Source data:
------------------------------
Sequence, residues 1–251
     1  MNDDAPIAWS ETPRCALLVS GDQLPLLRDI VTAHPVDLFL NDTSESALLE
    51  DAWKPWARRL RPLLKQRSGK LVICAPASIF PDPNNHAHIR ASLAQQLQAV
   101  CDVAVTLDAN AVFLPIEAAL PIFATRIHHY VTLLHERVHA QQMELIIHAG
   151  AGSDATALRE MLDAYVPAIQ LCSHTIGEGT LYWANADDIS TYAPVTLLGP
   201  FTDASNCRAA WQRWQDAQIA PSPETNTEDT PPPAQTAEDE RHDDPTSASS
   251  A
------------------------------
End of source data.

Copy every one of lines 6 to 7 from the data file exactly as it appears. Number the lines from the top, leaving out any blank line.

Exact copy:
   201  FTDASNCRAA WQRWQDAQIA PSPETNTEDT PPPAQTAEDE RHDDPTSASS
   251  A